Before he was appointed chief executive, Smith worked in a number of executive roles at the company, including as vice president of manufacturing and supply chain management. He joined Smith & Wesson in 2011 after three years handling supply chain management at the business consulting firm Alvarez & Marsal and six years at the food safety company Ecolab.

In January 2020, he was appointed co-chief executivealong with Brian Murphy, after former chief executive P. James Debney was ousted for conduct “inconsistent with a non-financial company policy.” In August of that year, Smith & Wesson’s owner, American Outdoor Brands, became a separate publicly traded company. Murphy became chief executive of American Outdoor and Smith took the helm at Smith & Wesson.

Unlike previous heads, Smith, 46, has stayed out of the spotlight since taking over the company. Still, he has made his position on gun control measures clear.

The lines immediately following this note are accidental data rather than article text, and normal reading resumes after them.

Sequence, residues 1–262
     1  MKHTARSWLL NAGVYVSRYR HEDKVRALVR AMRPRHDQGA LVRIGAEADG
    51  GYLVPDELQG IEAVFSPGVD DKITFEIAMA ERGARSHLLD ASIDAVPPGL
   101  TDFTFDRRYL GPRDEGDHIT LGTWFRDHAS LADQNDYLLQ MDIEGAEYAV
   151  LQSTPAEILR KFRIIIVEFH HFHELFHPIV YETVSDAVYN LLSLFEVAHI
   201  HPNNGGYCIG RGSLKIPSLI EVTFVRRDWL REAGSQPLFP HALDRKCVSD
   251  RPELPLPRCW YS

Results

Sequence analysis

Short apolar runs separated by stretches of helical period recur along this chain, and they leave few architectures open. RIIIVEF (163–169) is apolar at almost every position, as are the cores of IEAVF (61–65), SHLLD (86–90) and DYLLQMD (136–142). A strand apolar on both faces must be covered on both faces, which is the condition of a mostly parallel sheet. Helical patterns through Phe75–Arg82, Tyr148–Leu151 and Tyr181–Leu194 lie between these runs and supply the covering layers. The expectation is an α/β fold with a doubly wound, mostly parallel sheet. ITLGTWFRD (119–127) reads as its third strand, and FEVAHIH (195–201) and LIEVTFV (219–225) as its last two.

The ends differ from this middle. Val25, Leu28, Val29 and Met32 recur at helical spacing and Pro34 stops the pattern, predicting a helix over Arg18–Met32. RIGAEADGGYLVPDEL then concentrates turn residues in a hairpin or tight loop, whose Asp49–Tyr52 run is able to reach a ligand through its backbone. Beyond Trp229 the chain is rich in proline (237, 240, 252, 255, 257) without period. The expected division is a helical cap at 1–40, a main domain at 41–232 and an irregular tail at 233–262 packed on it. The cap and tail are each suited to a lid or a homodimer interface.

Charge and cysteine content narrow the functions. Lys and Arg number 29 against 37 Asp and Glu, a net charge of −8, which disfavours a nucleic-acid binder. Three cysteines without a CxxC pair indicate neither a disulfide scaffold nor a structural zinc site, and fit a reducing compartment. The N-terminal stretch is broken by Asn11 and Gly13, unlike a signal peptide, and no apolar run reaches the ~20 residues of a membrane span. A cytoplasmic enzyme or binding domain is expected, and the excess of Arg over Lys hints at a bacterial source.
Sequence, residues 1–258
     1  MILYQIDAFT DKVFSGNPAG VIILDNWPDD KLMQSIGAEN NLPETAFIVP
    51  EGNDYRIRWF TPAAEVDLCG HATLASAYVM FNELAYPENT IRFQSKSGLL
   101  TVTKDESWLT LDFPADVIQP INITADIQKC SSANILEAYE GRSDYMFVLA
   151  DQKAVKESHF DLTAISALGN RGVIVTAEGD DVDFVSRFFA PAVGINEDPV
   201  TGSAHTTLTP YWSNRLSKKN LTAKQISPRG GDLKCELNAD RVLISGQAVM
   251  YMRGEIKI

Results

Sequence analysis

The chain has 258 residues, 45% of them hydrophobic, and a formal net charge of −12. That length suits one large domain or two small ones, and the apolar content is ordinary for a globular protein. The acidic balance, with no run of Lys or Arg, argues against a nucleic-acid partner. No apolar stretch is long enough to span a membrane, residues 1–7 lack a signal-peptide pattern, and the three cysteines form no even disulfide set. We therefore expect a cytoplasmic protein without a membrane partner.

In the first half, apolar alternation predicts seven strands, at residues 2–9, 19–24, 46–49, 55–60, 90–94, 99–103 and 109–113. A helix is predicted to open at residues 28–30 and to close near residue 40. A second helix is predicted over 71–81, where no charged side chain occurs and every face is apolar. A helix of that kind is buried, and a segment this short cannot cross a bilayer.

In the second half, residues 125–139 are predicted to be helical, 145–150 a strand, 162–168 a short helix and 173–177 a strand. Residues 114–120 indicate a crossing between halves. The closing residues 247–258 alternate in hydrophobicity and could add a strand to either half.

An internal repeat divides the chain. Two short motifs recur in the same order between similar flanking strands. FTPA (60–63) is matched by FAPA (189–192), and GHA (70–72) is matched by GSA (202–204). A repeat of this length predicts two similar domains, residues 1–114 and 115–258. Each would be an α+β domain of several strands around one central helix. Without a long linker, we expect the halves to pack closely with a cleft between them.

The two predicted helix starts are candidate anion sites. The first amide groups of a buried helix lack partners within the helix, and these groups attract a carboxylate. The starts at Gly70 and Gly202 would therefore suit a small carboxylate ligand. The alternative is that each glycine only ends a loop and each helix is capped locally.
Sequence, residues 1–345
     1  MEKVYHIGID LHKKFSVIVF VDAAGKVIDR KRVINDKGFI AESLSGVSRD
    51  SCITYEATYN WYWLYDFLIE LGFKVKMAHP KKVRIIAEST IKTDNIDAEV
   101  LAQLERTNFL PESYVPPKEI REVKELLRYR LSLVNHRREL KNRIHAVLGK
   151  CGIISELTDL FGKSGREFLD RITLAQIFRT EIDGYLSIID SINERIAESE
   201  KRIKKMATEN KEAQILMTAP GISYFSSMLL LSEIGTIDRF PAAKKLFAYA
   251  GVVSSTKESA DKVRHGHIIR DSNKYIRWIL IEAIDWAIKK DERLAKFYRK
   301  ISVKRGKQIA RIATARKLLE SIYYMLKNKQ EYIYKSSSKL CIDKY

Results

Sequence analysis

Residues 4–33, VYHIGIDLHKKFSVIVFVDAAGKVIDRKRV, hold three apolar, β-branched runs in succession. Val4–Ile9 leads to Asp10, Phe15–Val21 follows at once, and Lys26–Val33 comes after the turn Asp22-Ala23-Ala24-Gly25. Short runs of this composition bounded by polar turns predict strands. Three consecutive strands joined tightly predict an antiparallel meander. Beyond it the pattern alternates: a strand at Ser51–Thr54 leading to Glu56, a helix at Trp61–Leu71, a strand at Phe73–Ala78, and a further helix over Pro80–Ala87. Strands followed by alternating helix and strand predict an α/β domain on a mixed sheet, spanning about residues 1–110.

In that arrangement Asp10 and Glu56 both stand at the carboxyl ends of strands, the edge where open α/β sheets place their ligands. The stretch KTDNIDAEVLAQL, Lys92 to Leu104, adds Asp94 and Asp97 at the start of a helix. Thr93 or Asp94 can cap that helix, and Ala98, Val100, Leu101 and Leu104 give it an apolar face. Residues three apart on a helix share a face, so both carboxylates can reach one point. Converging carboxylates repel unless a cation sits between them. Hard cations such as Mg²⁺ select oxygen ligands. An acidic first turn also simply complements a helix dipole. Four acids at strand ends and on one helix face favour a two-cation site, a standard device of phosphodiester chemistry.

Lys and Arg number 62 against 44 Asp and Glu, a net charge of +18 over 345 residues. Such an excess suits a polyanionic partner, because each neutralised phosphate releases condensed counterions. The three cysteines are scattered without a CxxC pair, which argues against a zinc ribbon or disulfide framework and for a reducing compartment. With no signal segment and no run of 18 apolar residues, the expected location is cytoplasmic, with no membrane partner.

Last September, Smith announced the company would move its headquarters from Springfield to Tennessee, citing a bill in the Legislature that would ban the manufacturing of certain types of firearms, including those considered assault rifles by the state, in Massachusetts that are intended for sale to the general public. (Production of those weapons under military or law enforcement contracts would still be permitted; the company said the class of weapons accounts for more than 60 percent of its sales.)

Smith in 2021 earned $2.7 million, more than $1 million of it from shares of company stock, according to Securities and Exchange Commission filings.

3) Its headquarters and some jobs are moving to Tennessee.

“Gun Valley,” anchored around Smith & Wesson and other gun manufacturing plants in the Connecticut River Valley, may be on its last legs. The company is making progress with its move to Blount County, Tennessee, where laws governing gun ownership and sales are fewer.